The news made headlines around the world, sparking outrage and protests: a 17-year-old gorilla at the Cincinnati Zoo was killed in order to save the life of a 3-year-old boy who had slipped into the animal’s exhibit. The story has all the elements of a literary tragedy, from the happy beginning to a disastrous ending, with a series of misfortunes leading from one to the other.
In another setting, perhaps, the public outcry may have been different. Had the toddler been camping with his parents and carted off by a grizzly bear, then perhaps the boy and his family would be receiving the lavish love of a relieved public—even amidst grief for the death of another endangered animal. But that’s not the story.
Instead, we have as main characters a boy being a boy, curious, adventurous, and predisposed to crossing a clear barrier erected for his own good. We have the boy’s mother, who—like any parent of a 3-year-old boy—undoubtedly gets exhausted just trying to keep his curiosity in check; who would love to keep her eyes on him every second of every day but just can’t (any better than you or I). There are the zookeepers, whose passions and careers center around loving, nurturing, and protecting the animals, and sharing that love with the people—even the ignorant, careless, sometimes stupid people—who visit the zoo. And, of course, there is Harambe, the central character, the majestic silverback gorilla born and raised—and now killed—in this very zoo. Some have suggested that, at least in the first moments, Harambe was even trying to protect the young, frightened, hairless ape who had fallen into his world.
Conspicuously missing from this cast is the nameless, faceless individual who took the shot; the one keeper who most had to face the reality of bringing death to the innocent in order to bring life to the guilty.
The parallels to our lives and the gospel are great.
We—you and I—are the boy. Few would call us evil; we are simply curious, wanting our own way, prone to wander, heedless of the barriers erected for our safety and protection. Or perhaps we are the mother: loving and caring, but tired; perhaps only a momentary lapse has reverberated throughout our lives, bringing guilt, shame, and even notoriety.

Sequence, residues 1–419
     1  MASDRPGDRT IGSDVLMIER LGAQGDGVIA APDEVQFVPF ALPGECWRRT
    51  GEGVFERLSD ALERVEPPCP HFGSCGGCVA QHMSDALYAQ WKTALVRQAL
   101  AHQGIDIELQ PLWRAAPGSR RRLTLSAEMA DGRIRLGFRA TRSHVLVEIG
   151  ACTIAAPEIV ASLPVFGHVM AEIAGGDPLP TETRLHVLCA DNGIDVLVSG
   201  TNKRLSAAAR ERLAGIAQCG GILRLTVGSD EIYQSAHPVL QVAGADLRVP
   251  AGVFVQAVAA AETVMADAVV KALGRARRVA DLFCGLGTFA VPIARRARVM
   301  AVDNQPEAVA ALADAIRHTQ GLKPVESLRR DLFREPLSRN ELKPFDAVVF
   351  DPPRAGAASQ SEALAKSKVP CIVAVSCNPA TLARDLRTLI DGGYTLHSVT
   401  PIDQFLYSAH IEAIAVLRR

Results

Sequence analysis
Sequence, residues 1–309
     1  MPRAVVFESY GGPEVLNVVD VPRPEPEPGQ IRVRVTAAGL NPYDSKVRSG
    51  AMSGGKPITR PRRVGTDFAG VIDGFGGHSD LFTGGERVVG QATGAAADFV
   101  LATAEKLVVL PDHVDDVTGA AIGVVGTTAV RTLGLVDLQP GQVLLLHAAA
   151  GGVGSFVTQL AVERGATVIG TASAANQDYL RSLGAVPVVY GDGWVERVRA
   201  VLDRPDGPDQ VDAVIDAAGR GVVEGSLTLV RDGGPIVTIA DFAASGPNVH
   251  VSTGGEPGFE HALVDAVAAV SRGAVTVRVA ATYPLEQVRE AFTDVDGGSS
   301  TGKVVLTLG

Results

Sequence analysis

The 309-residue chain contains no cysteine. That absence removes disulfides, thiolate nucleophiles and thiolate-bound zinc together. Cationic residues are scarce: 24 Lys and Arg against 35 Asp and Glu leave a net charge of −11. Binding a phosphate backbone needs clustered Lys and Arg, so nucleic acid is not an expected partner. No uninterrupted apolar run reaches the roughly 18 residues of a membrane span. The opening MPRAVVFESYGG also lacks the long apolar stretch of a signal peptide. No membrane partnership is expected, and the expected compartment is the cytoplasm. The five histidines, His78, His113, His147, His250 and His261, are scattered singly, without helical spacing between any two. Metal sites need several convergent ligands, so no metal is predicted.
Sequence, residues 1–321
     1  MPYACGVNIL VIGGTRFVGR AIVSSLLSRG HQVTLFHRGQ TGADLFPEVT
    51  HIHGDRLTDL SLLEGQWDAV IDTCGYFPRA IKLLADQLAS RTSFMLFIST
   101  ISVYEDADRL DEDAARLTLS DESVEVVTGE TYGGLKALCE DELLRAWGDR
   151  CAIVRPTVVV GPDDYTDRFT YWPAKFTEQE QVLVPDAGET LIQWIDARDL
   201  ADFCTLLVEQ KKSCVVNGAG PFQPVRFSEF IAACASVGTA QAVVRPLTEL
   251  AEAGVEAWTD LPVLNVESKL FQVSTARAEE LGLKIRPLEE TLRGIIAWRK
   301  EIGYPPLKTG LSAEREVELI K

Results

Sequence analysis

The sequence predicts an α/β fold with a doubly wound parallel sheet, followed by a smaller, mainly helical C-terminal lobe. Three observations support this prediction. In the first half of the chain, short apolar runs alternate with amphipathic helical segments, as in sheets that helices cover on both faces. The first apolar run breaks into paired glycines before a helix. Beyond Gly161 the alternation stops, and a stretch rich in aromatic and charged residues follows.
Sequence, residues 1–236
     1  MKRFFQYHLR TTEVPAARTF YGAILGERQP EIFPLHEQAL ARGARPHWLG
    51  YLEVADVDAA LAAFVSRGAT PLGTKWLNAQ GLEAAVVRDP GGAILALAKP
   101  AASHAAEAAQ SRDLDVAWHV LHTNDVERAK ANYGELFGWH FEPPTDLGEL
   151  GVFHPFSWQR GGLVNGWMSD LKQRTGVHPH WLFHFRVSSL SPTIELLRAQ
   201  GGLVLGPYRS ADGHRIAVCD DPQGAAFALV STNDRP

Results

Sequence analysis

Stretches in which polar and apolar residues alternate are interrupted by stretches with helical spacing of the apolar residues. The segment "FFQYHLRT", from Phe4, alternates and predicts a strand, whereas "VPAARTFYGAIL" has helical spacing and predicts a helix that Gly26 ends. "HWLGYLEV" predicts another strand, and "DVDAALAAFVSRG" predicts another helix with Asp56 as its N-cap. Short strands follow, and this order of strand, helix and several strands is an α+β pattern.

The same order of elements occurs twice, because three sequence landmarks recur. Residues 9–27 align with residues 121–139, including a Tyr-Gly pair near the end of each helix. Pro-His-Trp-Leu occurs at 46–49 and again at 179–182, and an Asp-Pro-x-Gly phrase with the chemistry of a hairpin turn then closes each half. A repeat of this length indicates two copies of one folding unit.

Jesus is (I never imagined saying something like this) the gorilla: innocent, loving, and offering safety from the certain death our wandering brings. God is the keeper of this human zoo in which we live. He is the one who gave His Son, Jesus (the gorilla), to live among us. He is the one who “took the shot,” as it were; who ultimately laid that Son on the cross: the innocent dying that the guilty might be made innocent.
And here the similarities end, for in Cincinnati and around the world, voices demand justice for the gorilla and judgment for the boy and his family. in the gospel it is Jesus, the innocent sacrifice, who is mocked and scorned; while the guilty crowds are celebrated in their wandering. In Cincinnati, the gorilla is gone for good; in the gospel, the sacrifice lives again, that the guilty may also live.
In Cincinnati, calls are being made for changes in zoo practices; the gospel calls us to consider what changes we need to make in our own lives. Are you the wandering boy, ignoring the security barriers God has erected? Or are you the mother who turned her back for a moment, now weighed down by guilt and shame?
How can you use the story of Harambe, the silverback gorilla, to tell the story of Jesus, the sacrificial Lamb?